The policy proposed to support an ABA amicus brief on these issues first supports the authority of the PTO to cancel patent claims in reexamination proceedings. There should be little controversy regarding this authority, given the express language of the statutes and legislative history establishing these administrative review proceedings. In fact, since the initiation of the Fresenius II litigation, Congress has greatly expanded the availability of PTO administrative proceedings in which patents can be cancelled.
The policy called for in the ABA-IPL proposed resolution provides that an earlier court judgment is immune from being affected by a later USPTO cancellation of a patent claim only if it is final, and that it is final only if there are no issues that are under appeal or subject to appeal. A PTO cancellation must be final in the same manner to serve as authority to dismiss a pending suit concerning the cancelled claims. These policies are consistent with the decision of the Federal Circuit majority in Fresenius II. In its request for adoption of ABA policy to support an amicus brief on these issues, the ABA-IPL Section noted that the 2011 America Invents Act included major expansion of the authority of the PTO to cancel patent claims in administrative review proceedings. In the view of the Section, it would be inconsistent with congressional intent in this expansion to allow a nonfinal court judgment to prevail over a final PTO determination to cancel a patent claim, which determination has been sustained in the courts and/or no further appeal is possible. Giving a nonfinal court judgment sustaining a patent precedence over a later final USPTO determination cancelling the claims involved could result in injunctive relief or award of damages for a patent that no longer exists. Such a result seems to run counter to sound public policy, as well as to invite a very negative public perception.
This article was submitted prior to the August 13 meeting of the ABA House of Delegates (HOD) at which the two proposed resolutions that are the subject of the article were considered.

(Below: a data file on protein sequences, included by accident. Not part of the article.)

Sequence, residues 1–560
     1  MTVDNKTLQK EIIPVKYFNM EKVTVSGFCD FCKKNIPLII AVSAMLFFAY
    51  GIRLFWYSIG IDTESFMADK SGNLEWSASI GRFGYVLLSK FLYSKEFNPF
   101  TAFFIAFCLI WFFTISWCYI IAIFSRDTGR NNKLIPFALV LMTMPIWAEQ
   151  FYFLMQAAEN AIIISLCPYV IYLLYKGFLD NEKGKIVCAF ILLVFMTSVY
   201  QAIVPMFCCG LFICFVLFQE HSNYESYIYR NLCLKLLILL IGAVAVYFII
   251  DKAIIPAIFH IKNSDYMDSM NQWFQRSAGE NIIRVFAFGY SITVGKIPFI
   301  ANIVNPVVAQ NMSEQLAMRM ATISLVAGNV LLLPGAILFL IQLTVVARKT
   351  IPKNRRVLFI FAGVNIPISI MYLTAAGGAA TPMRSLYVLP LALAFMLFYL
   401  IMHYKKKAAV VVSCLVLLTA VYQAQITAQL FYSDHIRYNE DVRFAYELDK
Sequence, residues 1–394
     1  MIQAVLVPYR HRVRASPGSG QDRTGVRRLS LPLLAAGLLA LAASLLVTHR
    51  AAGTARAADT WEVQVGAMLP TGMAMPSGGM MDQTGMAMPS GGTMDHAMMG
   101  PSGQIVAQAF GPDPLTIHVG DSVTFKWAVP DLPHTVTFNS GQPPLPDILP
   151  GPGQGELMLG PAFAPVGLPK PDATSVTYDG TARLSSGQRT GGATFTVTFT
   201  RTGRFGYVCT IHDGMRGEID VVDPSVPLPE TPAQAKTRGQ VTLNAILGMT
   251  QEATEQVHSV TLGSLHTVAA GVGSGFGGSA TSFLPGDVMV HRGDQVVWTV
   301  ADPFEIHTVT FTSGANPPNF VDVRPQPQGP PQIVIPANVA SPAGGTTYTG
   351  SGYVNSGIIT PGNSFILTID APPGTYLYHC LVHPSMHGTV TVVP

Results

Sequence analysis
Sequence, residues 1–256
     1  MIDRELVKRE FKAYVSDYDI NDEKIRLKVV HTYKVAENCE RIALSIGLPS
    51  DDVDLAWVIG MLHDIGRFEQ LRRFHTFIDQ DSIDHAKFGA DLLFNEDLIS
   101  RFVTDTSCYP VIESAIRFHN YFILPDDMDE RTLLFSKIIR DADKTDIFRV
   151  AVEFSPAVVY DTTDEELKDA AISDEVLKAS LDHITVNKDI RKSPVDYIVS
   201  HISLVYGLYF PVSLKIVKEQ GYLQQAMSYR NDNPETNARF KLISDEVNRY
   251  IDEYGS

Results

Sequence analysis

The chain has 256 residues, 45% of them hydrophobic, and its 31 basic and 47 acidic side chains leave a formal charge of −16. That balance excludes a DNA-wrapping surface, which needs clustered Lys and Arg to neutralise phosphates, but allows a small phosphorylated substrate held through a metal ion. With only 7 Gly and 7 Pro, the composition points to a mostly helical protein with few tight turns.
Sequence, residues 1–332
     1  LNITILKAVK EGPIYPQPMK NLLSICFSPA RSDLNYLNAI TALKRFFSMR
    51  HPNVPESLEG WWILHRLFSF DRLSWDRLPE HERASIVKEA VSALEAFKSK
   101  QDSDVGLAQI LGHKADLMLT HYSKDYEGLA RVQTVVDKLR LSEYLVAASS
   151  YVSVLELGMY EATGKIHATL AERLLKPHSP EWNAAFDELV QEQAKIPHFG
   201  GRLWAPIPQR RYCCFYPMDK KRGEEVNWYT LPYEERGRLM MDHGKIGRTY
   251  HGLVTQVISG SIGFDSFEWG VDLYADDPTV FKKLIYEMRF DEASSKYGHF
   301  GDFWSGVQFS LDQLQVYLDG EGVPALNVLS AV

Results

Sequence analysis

At the HOD meeting, the Fresenius II resolution was unopposed and was adopted by a voice vote.
With more than 350 delegates voting, the Lexmark resolution fell four votes short of those required to defeat a motion to postpone consideration of the measure. Since the deadline for filing an ABA amicus brief in the Supreme Court will be passed before the next meeting of the House of Delegates, the vote to postpone is tantamount to a vote to reject the proposed policy—at least for purposes of participation in the Lexmark appellate proceedings.
Opposition to the adoption of the Lexmark resolution focused mainly on procedural issues rather than on the proposed policy. At the heart of these issues was the fact that the Section’s report was filed after the regular deadline for filing to have a resolution considered at the 2013 Annual Meeting. That deadline was reached almost a month before the June grant of certiorari by the Supreme Court.
In opposing the motion to postpone, the ABA-IPL Section acknowledged concerns regarding filing a late report, thereby limiting the amount of time all delegates had to review and evaluate the proposed policies in the resolution. At the same time, the Section noted that a late report was in reality the only option available, since grant of certiorari occurred after the normal deadline for filing.
As noted in our first article on ABA-IPL amicus activities (see the May/June issue of Landslide magazine), the perquisites for approval to file an ABA amicus brief are numerous and demanding. The Section is now studying steps that might be taken to address similar occasions where the timing of legal developments seems to leave no alternative to that of either filing a late report to develop the required ABA policy or declining to participate in the resolution of important questions of intellectual property law.
Note: The proposed ABA policies and reports explaining them are available at www.americanbar.org/iplaw (under Featured Resources).